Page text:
3 Types of Doctors That Specialize in Spine Pain Treatment

Specialist of Spine Pain Treatment Los Angeles, CA

Back pain is sometimes nothing more than minor aches that will go away with a little rest and some home remedies. However, when over-the-counter painkillers, anti-inflammatory meds, and the application of heat or ice aren’t working, or your discomfort is getting worse, it’s time to see a doctor. Because of the complex nature of spine pain, it’s important to choose the right doctor when you want a better idea of what’s causing your pain and what can be done about it.

1. Primary Care Physicians (PCPs)

The first doctor most patients will see is their primary care physician. While this is usually a family doctor, it may also be a pediatrician, geriatric specialist, or chiropractor, depending on what type of care you require on a regular basis.

PCPs are usually good at treating spine pain due to muscle strain or some other type of minor discomfort that has suddenly become distracting enough for you to see a doctor. They can order image tests and possibly make an initial diagnosis based on your symptoms and medical history, but treatment options are often limited to:

  • Prescription pain and anti-inflammatory medications
  • RICE (rest, ice, compression, elevation)
  • Exercise recommendations or other types of physical therapy

2. Spine Specialists

If your primary care physician suspects a specific spine condition, he or she may refer you to a minimally invasive spine surgeon. Beverly Hills spine specialists have advanced knowledge of the various issues that affect the spine and its related discs, soft tissues, and nerves. Spine specialists typically include orthopedic surgeons and neurosurgeons and may also include other specialists such as rheumatologists (for arthritis-based spine pain).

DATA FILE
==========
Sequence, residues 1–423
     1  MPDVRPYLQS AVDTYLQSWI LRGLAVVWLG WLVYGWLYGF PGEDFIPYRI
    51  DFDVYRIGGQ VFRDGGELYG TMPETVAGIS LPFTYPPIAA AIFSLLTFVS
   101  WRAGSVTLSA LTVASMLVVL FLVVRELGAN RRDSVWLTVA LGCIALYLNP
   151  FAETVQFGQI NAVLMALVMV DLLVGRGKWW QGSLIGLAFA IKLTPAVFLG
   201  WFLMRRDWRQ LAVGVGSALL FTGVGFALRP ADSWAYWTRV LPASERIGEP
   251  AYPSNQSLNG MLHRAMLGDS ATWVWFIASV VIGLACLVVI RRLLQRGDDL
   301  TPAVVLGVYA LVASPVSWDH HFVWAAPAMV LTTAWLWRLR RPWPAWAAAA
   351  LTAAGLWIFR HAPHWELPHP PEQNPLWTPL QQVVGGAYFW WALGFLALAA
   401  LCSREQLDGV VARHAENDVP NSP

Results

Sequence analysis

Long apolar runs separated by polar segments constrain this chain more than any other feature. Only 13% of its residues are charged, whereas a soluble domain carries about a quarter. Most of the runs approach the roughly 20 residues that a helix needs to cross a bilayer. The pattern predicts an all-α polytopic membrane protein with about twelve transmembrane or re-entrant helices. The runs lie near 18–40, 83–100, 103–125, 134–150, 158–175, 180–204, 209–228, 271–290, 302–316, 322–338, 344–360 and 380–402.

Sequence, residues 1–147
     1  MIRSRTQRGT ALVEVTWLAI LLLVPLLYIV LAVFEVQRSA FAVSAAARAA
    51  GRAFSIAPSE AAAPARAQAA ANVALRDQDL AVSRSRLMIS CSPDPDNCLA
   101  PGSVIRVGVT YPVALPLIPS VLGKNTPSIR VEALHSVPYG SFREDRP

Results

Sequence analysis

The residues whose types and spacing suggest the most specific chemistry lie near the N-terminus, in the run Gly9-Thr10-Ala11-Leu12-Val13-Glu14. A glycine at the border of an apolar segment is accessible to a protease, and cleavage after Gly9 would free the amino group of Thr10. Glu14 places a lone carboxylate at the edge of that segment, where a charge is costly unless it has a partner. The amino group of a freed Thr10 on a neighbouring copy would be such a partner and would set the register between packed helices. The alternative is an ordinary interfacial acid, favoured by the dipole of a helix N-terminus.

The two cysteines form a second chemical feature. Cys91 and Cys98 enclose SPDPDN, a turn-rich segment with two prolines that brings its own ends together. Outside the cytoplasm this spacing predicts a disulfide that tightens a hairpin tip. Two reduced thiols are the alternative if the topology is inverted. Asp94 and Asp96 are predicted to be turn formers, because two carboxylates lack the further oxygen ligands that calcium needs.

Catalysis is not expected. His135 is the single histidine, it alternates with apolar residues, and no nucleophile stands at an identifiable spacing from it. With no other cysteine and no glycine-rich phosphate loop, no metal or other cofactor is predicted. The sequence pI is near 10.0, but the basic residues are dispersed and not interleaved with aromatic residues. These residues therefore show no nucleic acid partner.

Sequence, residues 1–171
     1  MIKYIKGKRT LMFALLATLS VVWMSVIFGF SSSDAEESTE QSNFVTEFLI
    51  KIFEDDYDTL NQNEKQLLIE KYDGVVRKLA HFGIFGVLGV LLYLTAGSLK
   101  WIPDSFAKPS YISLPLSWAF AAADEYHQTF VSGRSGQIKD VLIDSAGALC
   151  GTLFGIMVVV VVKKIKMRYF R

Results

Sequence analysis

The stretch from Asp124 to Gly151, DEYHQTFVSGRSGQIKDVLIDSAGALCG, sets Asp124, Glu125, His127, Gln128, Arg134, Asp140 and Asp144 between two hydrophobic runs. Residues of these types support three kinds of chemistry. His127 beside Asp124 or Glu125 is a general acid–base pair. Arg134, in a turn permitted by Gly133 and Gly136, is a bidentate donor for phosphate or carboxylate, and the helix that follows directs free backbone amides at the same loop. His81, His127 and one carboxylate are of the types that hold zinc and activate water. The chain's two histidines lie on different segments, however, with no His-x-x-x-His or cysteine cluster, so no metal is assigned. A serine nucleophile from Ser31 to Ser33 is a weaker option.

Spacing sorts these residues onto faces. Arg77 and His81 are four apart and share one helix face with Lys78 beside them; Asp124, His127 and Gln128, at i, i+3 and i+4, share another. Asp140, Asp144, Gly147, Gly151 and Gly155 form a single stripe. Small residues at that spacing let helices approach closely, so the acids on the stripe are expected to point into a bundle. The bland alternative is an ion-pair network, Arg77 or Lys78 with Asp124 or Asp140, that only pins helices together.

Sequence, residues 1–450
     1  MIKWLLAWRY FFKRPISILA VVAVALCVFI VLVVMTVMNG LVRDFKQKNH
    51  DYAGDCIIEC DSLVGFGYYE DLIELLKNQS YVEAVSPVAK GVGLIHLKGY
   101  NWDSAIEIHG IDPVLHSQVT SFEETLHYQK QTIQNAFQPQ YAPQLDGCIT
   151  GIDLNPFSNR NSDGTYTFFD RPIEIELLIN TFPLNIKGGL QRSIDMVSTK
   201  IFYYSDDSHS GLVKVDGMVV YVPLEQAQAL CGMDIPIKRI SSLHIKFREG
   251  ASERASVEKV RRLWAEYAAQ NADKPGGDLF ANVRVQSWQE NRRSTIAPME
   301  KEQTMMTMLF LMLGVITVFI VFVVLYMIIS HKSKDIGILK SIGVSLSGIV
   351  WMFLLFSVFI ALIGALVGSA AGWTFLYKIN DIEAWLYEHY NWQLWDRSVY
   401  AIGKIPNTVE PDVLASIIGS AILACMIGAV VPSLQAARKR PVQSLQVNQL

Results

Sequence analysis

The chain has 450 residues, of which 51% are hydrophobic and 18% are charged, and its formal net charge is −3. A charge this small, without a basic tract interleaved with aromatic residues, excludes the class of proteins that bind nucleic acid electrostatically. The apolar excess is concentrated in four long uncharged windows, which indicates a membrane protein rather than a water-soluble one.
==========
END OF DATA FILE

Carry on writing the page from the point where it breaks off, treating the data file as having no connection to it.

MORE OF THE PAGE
These doctors typically have access to the resources necessary to make a more accurate diagnosis and offer treatment options like electrotherapy and epidural injections that aren’t available at most primary care physician’s offices. You’ll likely benefit from visiting a specialist when:

  • You’re not responding well to initial treatments
  • Your pain is getting worse and symptoms are becoming more severe
  • You have spine pain with symptoms that could suggest several different sources (e.g. nerve-related pain felt in the lower back and legs due to irritation of the sciatic nerve or piriformis muscle or issues with the SI joint)
  • You have a condition that requires surgery, such as severe nerve compression from spinal stenosis, sciatica, disc herniation, degenerative disc disease, or scoliosis

3. Recovery Specialists

Usually including physical therapists, physiatrists (physical medicine and rehabilitation doctors), massage therapists, and occupational therapists, recovery specialists are often seen after a diagnosis has been made. They won’t always be doctors, although they often work closely with spine specialists and primary care physicians. The role of any type of recovery specialist is to:

  • Strengthen muscles that directly and indirectly support the spine
  • Increase range of motion, mobility, and flexibility
  • Help you reach a point where your discomfort is manageable
  • Offer recommendations on how to prevent future injuries and what activities you may want to avoid or modify

Oftentimes, you’ll be fine with a visit to your regular doctor. And there are times when it may be necessary to see all three of these doctors at some point. Part of the reason for this is because a diagnosis must be accurate for treatments to provide meaningful relief.

With some types of spine pain, it’s beneficial to get more than one opinion to determine if there are treatment options you haven’t yet considered, such as minimally invasive spinal surgery. Beverly Hills patients can turn to The Spine Institute for the help they need. Give us a call at 310-828-7757 to schedule an appointment.

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